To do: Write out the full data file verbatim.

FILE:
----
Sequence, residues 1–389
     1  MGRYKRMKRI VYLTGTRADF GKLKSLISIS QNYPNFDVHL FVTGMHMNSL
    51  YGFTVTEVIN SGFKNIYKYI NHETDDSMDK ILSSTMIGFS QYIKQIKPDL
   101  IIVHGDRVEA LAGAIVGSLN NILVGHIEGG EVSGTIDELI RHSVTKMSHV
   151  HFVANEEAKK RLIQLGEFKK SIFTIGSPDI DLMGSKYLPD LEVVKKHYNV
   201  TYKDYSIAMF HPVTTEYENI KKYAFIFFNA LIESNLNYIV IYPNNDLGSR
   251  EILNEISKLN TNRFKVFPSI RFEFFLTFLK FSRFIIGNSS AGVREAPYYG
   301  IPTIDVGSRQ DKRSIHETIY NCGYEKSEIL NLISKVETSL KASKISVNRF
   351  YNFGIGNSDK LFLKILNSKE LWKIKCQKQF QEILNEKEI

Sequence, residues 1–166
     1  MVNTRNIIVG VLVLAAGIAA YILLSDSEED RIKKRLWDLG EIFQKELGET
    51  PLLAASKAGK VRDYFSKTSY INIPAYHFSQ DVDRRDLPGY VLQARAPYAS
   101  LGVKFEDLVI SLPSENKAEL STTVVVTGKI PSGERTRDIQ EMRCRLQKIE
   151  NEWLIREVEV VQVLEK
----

Sequence, residues 1–389
     1  MGRYKRMKRI VYLTGTRADF GKLKSLISIS QNYPNFDVHL FVTGMHMNSL
    51  YGFTVTEVIN SGFKNIYKYI NHETDDSMDK ILSSTMIGFS QYIKQIKPDL
   101  IIVHGDRVEA LAGAIVGSLN NILVGHIEGG EVSGTIDELI RHSVTKMSHV
   151  HFVANEEAKK RLIQLGEFKK SIFTIGSPDI DLMGSKYLPD LEVVKKHYNV
   201  TYKDYSIAMF HPVTTEYENI KKYAFIFFNA LIESNLNYIV IYPNNDLGSR
   251  EILNEISKLN TNRFKVFPSI RFEFFLTFLK FSRFIIGNSS AGVREAPYYG
   301  IPTIDVGSRQ DKRSIHETIY NCGYEKSEIL NLISKVETSL KASKISVNRF
   351  YNFGIGNSDK LFLKILNSKE LWKIKCQKQF QEILNEKEI

Sequence, residues 1–166
     1  MVNTRNIIVG VLVLAAGIAA YILLSDSEED RIKKRLWDLG EIFQKELGET
    51  PLLAASKAGK VRDYFSKTSY INIPAYHFSQ DVDRRDLPGY VLQARAPYAS
   101  LGVKFEDLVI SLPSENKAEL STTVVVTGKI PSGERTRDIQ EMRCRLQKIE
   151  NEWLIREVEV VQVLEK